A legal education app could provide the key in aiding students to make connections between their study areas; it could be made to fit alongside a law degree, assuming a student’s knowledge in sync with their level of study, by including content from both current and past courses. The app would offer an easy way to implement an interactive, problem-based learning approach. It could provide additional content, quizzes, exercises, social media functions etc. complementing the education and enabling a holistic perspective.
Another insight they offer: law students may have to use the mental model of an interactive app (rather than a linear text approach) to analyze the law and consider how best to represent, analyze, and communicate the law to clients. Actually building an app could be a terrific learning exercise in the law school classroom.
In the exercise, students would look at law from a different perspective, i.e. how legal regulations affect the individual or organization. Going away from a linear text approach, students would have to translate law into a format that users or apps can read. In other words, law would have to suit the user/app, and not the other way around. Students would, therefore, have to go beyond text and translate rules into flowcharts, diagrams, mind maps and other visual tools in order for the app to be able to follow the law’s instructions.
Implementing legal rules into technology, therefore, not only encourages students to think proactively but it also motivates them to identify solutions for the application of the law and how rules could be transformed into practice. From a pedagogical point of view the exercise would allow the students to think about different aspects of law beyond the traditional case or contract. It would also encourage a wider viewpoint of law as a tool in society.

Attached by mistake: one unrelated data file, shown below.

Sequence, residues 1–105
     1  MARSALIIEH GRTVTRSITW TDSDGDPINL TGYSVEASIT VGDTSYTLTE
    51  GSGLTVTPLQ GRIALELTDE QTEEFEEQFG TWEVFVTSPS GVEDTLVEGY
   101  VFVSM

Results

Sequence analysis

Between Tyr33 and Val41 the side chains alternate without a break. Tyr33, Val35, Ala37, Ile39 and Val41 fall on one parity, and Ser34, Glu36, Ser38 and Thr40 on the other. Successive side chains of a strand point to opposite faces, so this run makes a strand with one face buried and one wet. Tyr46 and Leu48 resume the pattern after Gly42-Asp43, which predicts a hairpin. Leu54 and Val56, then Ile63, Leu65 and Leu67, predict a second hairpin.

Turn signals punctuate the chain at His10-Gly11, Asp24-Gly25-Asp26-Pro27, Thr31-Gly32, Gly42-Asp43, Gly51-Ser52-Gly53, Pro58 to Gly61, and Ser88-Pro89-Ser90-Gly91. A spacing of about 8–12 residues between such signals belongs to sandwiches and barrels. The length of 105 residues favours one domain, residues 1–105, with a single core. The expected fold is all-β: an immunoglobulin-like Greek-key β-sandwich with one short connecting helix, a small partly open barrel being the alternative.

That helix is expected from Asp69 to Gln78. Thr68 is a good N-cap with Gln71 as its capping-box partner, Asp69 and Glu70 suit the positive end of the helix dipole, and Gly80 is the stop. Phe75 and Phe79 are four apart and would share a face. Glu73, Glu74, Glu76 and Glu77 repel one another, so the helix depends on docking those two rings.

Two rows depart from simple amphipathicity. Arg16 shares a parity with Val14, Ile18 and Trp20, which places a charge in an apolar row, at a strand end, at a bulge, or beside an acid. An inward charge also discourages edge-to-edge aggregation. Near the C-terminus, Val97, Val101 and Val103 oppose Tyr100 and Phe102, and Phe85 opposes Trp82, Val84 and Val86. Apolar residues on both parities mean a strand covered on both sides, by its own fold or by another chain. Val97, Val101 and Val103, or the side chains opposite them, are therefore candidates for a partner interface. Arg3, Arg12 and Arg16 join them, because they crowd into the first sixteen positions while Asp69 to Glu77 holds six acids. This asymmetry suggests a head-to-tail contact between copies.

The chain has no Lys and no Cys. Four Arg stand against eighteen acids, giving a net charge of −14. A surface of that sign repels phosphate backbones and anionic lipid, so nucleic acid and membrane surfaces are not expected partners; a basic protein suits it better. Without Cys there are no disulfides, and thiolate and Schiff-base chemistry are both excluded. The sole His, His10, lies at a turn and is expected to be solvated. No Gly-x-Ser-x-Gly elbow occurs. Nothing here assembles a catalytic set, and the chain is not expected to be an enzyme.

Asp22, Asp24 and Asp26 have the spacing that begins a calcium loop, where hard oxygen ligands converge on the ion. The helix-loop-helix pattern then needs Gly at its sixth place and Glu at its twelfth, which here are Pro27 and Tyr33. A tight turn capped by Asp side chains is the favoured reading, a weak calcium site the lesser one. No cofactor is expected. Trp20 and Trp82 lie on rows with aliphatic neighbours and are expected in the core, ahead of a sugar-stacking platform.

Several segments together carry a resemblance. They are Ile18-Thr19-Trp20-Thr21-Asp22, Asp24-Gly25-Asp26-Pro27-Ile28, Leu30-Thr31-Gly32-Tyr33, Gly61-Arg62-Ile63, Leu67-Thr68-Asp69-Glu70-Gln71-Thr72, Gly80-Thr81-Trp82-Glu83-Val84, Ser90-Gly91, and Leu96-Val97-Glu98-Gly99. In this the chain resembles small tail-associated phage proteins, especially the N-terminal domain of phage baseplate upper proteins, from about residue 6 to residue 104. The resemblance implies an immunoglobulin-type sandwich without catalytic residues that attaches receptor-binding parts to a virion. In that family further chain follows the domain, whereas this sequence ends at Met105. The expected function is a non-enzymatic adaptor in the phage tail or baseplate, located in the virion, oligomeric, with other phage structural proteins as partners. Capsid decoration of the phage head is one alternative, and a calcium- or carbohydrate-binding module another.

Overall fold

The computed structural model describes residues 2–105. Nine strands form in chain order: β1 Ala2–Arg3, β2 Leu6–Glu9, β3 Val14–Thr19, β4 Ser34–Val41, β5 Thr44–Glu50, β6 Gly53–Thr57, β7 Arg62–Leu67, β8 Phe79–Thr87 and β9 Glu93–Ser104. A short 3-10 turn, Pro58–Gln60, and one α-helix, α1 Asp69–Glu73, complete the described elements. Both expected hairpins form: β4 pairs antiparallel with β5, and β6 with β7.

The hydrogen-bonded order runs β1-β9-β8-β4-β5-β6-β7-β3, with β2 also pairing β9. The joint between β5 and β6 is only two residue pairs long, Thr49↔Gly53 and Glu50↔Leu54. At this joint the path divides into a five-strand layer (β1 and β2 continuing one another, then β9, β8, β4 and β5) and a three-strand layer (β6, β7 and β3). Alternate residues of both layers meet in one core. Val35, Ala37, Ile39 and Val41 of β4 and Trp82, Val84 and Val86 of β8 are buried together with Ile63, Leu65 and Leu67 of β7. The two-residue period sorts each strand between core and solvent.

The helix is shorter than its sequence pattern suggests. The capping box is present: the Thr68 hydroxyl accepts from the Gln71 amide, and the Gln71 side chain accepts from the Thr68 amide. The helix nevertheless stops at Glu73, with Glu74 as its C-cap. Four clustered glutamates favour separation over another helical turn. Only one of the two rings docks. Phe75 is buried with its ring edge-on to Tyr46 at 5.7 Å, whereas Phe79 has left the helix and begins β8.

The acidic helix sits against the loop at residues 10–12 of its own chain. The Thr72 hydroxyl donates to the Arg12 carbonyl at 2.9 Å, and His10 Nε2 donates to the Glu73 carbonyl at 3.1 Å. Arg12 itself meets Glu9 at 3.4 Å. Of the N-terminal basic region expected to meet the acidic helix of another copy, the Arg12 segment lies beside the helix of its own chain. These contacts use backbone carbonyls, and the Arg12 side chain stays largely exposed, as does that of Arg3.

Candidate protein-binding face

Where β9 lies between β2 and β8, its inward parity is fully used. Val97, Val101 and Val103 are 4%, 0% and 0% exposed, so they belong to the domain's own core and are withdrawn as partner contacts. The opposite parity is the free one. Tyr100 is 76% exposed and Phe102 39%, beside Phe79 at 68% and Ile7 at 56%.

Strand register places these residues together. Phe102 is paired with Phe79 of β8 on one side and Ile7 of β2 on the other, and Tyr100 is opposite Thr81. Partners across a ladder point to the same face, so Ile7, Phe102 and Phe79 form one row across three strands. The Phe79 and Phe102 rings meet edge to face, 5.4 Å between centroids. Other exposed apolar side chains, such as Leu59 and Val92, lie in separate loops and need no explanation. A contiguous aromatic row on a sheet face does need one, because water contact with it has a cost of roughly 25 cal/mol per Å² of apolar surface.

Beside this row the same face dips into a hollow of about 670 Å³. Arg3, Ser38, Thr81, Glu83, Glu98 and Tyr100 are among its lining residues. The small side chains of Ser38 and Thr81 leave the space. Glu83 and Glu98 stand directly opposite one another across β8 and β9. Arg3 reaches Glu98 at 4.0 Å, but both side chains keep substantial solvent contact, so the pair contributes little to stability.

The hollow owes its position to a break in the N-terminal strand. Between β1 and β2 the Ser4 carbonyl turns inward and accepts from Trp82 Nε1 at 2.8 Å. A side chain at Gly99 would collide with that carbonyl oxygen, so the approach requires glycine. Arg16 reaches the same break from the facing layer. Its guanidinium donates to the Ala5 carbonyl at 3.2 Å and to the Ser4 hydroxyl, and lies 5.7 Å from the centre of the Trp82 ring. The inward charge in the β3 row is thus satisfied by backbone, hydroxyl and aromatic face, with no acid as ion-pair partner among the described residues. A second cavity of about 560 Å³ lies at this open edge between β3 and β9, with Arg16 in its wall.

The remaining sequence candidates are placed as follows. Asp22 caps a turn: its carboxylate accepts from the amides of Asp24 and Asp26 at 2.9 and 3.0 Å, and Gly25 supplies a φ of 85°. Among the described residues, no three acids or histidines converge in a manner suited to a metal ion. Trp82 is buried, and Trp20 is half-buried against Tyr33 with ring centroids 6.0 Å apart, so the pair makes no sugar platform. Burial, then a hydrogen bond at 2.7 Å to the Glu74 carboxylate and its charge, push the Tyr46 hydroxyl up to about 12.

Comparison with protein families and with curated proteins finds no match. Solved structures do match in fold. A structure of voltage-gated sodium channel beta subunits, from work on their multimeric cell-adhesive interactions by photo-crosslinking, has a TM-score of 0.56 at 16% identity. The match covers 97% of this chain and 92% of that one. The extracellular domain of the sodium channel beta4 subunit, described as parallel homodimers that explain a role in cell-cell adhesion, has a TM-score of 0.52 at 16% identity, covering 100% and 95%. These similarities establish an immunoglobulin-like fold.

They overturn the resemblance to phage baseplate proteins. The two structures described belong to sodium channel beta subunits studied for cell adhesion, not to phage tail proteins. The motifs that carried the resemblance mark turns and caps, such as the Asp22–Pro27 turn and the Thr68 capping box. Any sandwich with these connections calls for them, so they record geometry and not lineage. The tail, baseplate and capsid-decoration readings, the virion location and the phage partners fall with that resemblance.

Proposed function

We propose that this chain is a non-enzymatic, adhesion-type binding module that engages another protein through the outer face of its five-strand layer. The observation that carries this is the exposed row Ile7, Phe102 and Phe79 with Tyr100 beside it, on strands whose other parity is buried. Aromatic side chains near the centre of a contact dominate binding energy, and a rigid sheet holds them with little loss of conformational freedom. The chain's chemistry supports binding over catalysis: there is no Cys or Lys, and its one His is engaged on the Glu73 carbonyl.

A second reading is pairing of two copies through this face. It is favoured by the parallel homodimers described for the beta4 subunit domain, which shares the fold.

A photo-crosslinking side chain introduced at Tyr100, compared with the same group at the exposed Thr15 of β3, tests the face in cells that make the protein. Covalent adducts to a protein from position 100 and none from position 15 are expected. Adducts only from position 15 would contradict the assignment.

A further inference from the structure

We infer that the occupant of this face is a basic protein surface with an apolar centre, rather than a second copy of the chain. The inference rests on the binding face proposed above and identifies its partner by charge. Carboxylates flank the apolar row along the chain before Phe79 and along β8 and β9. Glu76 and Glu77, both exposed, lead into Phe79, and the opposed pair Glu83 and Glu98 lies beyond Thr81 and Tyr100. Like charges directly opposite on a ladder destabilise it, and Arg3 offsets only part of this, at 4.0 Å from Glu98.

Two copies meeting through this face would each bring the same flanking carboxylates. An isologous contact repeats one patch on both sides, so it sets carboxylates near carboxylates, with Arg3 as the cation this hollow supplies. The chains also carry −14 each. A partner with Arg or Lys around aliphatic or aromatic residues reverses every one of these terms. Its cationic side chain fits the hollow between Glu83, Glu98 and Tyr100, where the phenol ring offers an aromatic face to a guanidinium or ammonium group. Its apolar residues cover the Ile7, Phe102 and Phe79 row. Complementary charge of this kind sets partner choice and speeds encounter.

They call out the current model of using tech in legal study, which does seem to fall short of the model they’re advocating:
Legal apps have already been introduced to help lawyers study for qualifying exams, e.g. BarMax. (These are often, however, still very topic-specific.) Implementing the same kind of thinking at the educational level would start to prepare students for their future workplace, allowing them to be better prepared for helping clients with real-world scenarios dealing with complex and interrelating legal issues. If students begin such thinking at the beginning of their legal studies, it becomes normal, arguably allowing for better educated graduates.
This last approach is perhaps a little future-oriented (although not as much as, for example, grading by technology), and it is of course not easy to implement at the university level; academics must work together with app developers to produce a tool of real value to students. However, even a slimmed-down version of such an app can be a tool for helping students prepare for exams, test their knowledge of legal areas, or simply make sure that they have understood concepts covered in teaching. Some examples of such implementations in legal education are shown here